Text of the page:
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Losing My Religion: How I Lost My Faith Reporting on Religion in America and Found Unexpected Peace Hardcover – February 24, 2009
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From Publishers Weekly
A former religion reporter for the Los Angeles Times, Lobdell recounts in this plainly written memoir how he became a Protestant evangelical, nearly accepted Catholicism and, in the end, rejected faith altogether. Central to the arc of this memoir is the unfolding sexual abuse scandal in the Roman Catholic Church, which Lobdell covered in depth during his time as a religion reporter, beginning in 2000. Despairing of the role of priests and bishops in that scandal, he refashions his identity as a crusading reporter out to cleanse the church of corrupt leaders. But after finding that his investigative stories about faith healer Benny Hinn and televangelists Jan and Paul Crouch appear to make no difference on the reach of these ministries or the lives of their followers, he gives up on the beat and on religion generally. Lobdell subjects his faith to the rigors of rationalism. If Christians are no more ethical than atheists, why belong to a church? It's a curious utilitarian argument that sounds more like a rearview explanation than a revealing account of loss of faith. Still, the memoir's strength lies in the wrenching emotional toll exacted by the Catholic abuse scandal. If nothing else, it suggests reporters may have been victimized by the scandal, too. (Mar.)
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*Starred Review* Lobdell’s spiritual life had been a roller-coaster ride. During his late twenties, his marriage fell apart, he drank too much, and he cheated on his new—and pregnant—girlfriend. He was running away from responsibility as fast as he could. So when a friend told him he needed God—he suspended church attendance when a teenager—he listened. Slowly, things turned around. He secured a new job, marriage to his second wife went well, everything seemed to be falling into place. Attributing his newfound success to faith, he became a born-again Christian and, later, seriously considered converting to Catholicism. He became a full-time religion reporter for the Los Angeles Times, a job that exposed him to other faiths and to stories of abuse in mainstream religion circles, especially the sexual abuse scandal within the Catholic Church. Before long, he was wracked with doubt and stopped attending church altogether. “My long honeymoon with Christianity had ended.” Finally, he reached a turning point at which he concluded that there is no God. Lobdell’s spiritual journey fascinates, not least on account of the irony of his trajectory from agnosticism to belief to atheism while covering religion. It’s a story that may raise eyebrows among believers and nonbelievers alike. --June Sawyers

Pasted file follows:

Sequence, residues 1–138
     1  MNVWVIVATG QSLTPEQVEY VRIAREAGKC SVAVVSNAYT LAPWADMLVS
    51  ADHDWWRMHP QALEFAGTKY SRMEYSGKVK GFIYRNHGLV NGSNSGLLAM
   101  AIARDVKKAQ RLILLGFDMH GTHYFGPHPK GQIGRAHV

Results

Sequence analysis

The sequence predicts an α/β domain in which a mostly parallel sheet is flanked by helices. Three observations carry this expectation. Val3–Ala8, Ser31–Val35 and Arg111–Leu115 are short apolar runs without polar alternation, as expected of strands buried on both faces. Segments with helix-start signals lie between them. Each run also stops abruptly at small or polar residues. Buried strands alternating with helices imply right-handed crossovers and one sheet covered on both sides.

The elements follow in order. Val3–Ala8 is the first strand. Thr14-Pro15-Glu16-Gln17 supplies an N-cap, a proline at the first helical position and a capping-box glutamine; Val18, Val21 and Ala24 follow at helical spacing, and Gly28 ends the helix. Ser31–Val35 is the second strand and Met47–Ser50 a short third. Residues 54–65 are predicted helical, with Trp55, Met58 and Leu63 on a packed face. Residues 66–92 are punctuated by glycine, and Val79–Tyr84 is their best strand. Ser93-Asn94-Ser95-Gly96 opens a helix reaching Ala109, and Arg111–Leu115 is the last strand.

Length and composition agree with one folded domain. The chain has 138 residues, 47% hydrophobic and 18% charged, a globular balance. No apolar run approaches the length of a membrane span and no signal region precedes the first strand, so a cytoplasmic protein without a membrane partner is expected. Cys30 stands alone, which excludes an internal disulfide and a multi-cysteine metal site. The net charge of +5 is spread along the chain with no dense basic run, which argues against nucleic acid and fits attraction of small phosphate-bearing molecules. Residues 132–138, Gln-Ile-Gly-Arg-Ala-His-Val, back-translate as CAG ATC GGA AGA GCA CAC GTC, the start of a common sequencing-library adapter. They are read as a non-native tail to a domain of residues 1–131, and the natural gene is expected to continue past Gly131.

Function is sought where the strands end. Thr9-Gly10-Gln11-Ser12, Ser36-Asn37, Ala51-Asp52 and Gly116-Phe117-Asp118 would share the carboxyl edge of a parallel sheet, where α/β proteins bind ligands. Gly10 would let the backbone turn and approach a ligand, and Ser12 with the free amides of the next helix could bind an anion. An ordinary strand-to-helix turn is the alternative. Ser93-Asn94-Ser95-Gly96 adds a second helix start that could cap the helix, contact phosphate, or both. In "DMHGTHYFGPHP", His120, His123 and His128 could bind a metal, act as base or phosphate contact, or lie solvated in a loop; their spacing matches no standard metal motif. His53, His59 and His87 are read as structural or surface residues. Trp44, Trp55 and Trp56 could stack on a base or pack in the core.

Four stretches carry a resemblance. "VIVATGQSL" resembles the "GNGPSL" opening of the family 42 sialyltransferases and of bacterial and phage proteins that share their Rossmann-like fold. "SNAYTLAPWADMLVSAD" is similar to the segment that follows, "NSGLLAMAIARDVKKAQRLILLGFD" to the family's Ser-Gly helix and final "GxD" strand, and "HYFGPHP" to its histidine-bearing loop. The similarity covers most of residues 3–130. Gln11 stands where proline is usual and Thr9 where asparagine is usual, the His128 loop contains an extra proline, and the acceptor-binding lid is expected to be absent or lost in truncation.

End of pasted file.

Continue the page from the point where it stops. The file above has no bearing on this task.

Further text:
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Like many institutions, it has long since forgotten it's original nominal purpose and is now mainly concerned with it's own prosperity.
So who should believe in the god religions profess if the religion itself doesn't, or at least doesn't seem to?
Or who should believe in the god religions profess if that god lets those claiming to be its representatives get away with behaving that way?
If you are afraid of asking those questions, or are afraid what the answer might be, don't read this book.
Lobdell's book struck a chord with me as I lost my religion and experienced similiar turmoil and strife. I lost my religion while I was researching the origins of the Bible and early Christianities. Lobdell's journey was investigating the corruption in the Church; however, the process of deciphering the facts and coming to a conclusion were the same.
I too have no interest in religion from a religious viewpoint anymore but I am fasinated with the history, drama, and rituals. Sadly this is the main cause of the end of my marriage but I could not continue to just fake it any longer. My kids are all over 18, and they already could figure my thoughts out a long time ago with out me saying any thing. Same thing with the author when he went to tell his kids.